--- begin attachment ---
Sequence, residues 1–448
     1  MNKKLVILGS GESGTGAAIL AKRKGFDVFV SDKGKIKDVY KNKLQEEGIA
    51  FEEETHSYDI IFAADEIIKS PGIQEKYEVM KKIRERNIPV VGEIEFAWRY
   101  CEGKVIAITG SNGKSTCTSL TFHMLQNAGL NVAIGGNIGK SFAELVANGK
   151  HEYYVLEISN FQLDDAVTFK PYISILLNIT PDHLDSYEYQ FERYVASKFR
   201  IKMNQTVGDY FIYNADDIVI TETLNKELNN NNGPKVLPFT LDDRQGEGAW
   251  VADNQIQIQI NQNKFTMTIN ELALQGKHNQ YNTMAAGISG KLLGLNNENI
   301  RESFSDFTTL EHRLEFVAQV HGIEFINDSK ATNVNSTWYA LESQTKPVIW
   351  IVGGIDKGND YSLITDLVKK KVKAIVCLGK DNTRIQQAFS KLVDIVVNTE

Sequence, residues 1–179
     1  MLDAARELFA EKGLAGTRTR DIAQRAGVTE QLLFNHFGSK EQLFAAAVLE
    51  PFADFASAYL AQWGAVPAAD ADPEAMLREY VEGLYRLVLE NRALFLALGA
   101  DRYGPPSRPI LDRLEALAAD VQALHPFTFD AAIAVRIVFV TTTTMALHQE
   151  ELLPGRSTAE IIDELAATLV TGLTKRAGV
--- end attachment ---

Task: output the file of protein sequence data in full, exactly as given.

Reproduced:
Sequence, residues 1–448
     1  MNKKLVILGS GESGTGAAIL AKRKGFDVFV SDKGKIKDVY KNKLQEEGIA
    51  FEEETHSYDI IFAADEIIKS PGIQEKYEVM KKIRERNIPV VGEIEFAWRY
   101  CEGKVIAITG SNGKSTCTSL TFHMLQNAGL NVAIGGNIGK SFAELVANGK
   151  HEYYVLEISN FQLDDAVTFK PYISILLNIT PDHLDSYEYQ FERYVASKFR
   201  IKMNQTVGDY FIYNADDIVI TETLNKELNN NNGPKVLPFT LDDRQGEGAW
   251  VADNQIQIQI NQNKFTMTIN ELALQGKHNQ YNTMAAGISG KLLGLNNENI
   301  RESFSDFTTL EHRLEFVAQV HGIEFINDSK ATNVNSTWYA LESQTKPVIW
   351  IVGGIDKGND YSLITDLVKK KVKAIVCLGK DNTRIQQAFS KLVDIVVNTE

Sequence, residues 1–179
     1  MLDAARELFA EKGLAGTRTR DIAQRAGVTE QLLFNHFGSK EQLFAAAVLE
    51  PFADFASAYL AQWGAVPAAD ADPEAMLREY VEGLYRLVLE NRALFLALGA
   101  DRYGPPSRPI LDRLEALAAD VQALHPFTFD AAIAVRIVFV TTTTMALHQE
   151  ELLPGRSTAE IIDELAATLV TGLTKRAGV